Before joining Tyson Foods, O’Mara was with Kraft Foods for 13 years.

“Noelle has a proven track record of building brands and high-performance teams, the kind that accelerate growth and lead to results,” said Tyson Foods CEO Noel White in a press release. “She’s focused on modernizing Tyson Foods’ existing brands while building the next generation of innovation.”

Ride Aid Hires Erik Keptner For Newly Created CMO Position

Rite Aid announced via press release the company had hired Erik Keptner for the newly created role of chief marketing and merchandising officer.

Keptner comes to Rite Aid after a year at Wakefern Food Corp, where he was SVP marketing. Keptner also spent time in marketing executive roles at Giant Food Stores and Ahold USA.

“Erik is an experienced retail executive who has proven that he can integrate and manage all aspects of an organization’s marketing and merchandising assets to provide great customer experiences, operate efficiently and deliver growth,” said Rite Aid COO Bryan Everett. “We’re excited to welcome Erik to our team as we continue to integrate our marketing and merchandising teams and enhance our omnichannel presence to deliver a seamlessly connected customer experience that drives growth. We will benefit tremendously from his knowledge and expertise as we accelerate these critical efforts.”

SERES Hires Former Cadillac CMO As CEO

SERES, a Chinese electric vehicle company, hired James Taylor to be the company’s chief executive officer. Taylor’s brings both marketing experience and executive leadership to the company after spending much of his career with automakers.

Most recently Taylor led and founded an auto brand consultancy, JET Group. Notably, Taylor was CMO for Cadillac from 2005 to 2008 before becoming CEO of Hummer.

In 2015, Taylor was hired to be chief marketing and sales officer at Karma Automotive, he also previously had the same position at Fisker Automotive.

Peloton Hires VP Content

According to Variety, Peloton hired Kevin Chorlins to be VP of content. He Will report to Jennifer Cotter, who was also newly hired to be chief content officer.

Chorlins comes to the company from Scripps, where he was most recently SVP International content and brand strategy. Before that, he served in two marketing roles at Scripps, first as director of marketing at the DIY network and later as vice president of marketing.

INSP Hires Executive Vice President, Marketing

INSP, a cable channel focused on family programming, hired Hayes Tauber to be the company’s executive vice president of marketing. “Hiring Hayes signals a new aggressive phase in INSP marketing,” INSP’s COO Dan Ardizzone said in a press release.

INSP was founded as a Christian cable channel, but in recent years at pivoted sharply to family programming, namely syndicated western TV shows. In recent years Tauber has worked as a strategist at RevelOne and Foundermark, but before that he spent a number of years at as a marketing executive at National Geographic and TruTV. Tauber also worked in brand marketing and social media at ESPN.

“This decision is the result of an extensive search process over the past several months,” said Ardizzone. “Reporting directly to me, Hayes will have overall responsibility for all INSP related marketing activities, including Distribution & Consumer Marketing, Creative Production & Promotion, and, Digital / Social Media Marketing.”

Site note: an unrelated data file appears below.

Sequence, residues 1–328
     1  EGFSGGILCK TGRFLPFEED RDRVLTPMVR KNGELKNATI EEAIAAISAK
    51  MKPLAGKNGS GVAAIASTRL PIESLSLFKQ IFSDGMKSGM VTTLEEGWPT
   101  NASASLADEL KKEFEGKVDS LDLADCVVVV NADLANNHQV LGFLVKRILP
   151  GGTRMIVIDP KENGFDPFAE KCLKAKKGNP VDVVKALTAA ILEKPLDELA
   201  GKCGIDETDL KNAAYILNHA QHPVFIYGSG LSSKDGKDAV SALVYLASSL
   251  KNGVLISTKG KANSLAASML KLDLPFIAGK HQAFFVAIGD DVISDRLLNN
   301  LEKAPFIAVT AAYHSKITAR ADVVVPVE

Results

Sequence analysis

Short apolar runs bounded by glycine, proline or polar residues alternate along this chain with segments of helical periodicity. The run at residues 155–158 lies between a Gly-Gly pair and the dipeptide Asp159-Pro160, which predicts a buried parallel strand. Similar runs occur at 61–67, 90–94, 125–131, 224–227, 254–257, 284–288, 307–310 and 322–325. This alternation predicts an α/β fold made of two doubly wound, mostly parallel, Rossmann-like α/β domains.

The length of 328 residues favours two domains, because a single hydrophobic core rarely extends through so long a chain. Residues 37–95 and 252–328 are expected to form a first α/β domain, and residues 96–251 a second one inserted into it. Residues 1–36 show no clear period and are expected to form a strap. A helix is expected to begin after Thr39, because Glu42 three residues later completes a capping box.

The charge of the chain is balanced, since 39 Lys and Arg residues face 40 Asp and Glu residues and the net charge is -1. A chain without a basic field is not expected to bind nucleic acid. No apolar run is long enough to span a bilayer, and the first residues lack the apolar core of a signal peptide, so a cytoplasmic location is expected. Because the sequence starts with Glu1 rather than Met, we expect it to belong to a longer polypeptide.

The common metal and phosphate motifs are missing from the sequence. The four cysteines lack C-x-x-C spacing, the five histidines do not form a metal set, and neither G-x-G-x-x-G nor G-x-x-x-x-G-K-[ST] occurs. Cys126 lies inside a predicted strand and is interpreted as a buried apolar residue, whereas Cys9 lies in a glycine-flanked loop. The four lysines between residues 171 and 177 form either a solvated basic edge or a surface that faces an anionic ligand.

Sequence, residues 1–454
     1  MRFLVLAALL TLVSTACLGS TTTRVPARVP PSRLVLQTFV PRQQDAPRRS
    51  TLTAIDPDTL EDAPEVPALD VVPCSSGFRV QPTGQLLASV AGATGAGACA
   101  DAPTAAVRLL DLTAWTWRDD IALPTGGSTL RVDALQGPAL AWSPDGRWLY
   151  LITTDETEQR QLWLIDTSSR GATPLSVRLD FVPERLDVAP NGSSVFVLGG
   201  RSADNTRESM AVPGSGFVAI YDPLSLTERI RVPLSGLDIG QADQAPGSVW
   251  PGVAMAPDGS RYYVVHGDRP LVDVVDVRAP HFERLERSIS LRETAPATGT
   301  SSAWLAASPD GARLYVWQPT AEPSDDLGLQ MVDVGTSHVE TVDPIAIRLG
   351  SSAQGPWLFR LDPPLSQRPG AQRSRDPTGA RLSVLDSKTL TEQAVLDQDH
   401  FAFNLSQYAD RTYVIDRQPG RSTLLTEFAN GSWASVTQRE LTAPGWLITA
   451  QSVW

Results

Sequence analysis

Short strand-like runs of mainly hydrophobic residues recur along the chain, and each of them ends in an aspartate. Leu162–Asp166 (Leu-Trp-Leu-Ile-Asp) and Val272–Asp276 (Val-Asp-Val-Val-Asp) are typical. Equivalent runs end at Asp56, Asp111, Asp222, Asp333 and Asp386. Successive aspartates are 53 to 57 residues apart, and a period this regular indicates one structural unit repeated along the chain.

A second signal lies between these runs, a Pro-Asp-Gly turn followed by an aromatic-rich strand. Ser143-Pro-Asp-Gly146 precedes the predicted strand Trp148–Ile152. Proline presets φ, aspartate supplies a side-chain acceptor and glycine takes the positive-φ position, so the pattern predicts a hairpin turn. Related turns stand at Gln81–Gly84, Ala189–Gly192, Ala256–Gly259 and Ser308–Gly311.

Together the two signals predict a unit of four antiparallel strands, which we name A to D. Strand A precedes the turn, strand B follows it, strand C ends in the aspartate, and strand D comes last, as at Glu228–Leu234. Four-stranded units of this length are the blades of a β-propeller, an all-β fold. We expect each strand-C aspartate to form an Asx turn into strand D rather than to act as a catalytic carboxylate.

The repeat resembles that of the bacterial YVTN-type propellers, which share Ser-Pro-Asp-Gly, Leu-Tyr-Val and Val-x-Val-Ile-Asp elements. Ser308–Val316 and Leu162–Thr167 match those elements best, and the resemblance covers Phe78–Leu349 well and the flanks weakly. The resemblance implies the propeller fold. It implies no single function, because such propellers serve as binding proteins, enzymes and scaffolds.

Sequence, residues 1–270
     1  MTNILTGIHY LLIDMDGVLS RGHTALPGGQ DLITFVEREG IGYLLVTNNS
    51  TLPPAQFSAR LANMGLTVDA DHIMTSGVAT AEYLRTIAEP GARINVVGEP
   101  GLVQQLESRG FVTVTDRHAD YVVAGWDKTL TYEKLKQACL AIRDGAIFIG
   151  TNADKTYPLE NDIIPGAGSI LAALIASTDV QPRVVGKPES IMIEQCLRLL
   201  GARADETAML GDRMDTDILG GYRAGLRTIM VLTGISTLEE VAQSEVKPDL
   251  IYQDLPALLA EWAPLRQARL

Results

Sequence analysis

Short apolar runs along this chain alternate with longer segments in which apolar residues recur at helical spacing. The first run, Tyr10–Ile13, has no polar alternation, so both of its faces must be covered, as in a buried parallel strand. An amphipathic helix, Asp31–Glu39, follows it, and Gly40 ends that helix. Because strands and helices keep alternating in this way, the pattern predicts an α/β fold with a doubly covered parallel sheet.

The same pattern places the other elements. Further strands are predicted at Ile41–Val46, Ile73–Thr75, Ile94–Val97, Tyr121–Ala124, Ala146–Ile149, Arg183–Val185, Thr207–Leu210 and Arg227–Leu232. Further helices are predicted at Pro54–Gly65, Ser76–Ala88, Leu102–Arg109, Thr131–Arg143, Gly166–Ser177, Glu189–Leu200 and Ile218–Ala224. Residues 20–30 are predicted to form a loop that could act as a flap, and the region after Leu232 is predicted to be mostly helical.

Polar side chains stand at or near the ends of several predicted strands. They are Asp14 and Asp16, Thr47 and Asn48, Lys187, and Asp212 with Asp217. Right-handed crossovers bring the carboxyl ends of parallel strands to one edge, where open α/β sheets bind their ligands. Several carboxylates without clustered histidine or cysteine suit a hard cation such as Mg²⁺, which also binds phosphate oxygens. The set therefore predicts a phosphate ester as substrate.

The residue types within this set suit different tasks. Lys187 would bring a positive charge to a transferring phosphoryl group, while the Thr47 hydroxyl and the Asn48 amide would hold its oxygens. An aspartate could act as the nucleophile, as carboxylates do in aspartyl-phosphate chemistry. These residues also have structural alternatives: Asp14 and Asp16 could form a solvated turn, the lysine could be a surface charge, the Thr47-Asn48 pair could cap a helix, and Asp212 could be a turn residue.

BMW Promotes For VP Of Marketing

BMW of North America promoted Uwe Dreher to the position of vice president of marketing, the top marketing position at BMW in the USA. Dreher replaced Trudy Hardy, who will shift to vice president of BMW Motorrad of the Americas.

Dreher has been with the company for 17 years.

“We thank Trudy for all her great work over the years and are excited to welcome Uwe to the U.S., one of the biggest BMW markets in the world, to build upon that momentum,” said Bernhard Kuhnt, president & CEO of BMW of North America, said in a statement. “His passion for the brand, combined with his varied global marketing experience makes him a great addition to our leadership team. As BMW continues the largest product offensive in our history, we look forward to working together with Uwe to further sharpen our customer focus and solidify our brand position.”

Vireo Health Hires Former AB InBev Marketer For CMO Role

Vireo Health, a cannabis company, hired Harris Rabin to be the company’s chief marketing officer. Rabin comes to the company after a brief stint as co-founder and partner at his own cannabis company. Prior to that, Rabin worked for almost five yeras at AB InBev as a vice president of global marketing.

Rabin also worked at Bayer Healthcare for nine years, most recently as global brand director.

“Without a doubt, cannabis will continue to be a positive disruptive force transforming consumer wellness, and my background in consumer health care and beverage alcohol gives me a unique perspective on the potential of the fast-growing cannabis industry,” said Rabin in a statement. “I look forward to helping grow Vireo Health’s brands at a time when the company is uniquely positioned to leverage our medical and science expertise to provide best-in-class products and experiences.”

UpWork Hires SVP Marketing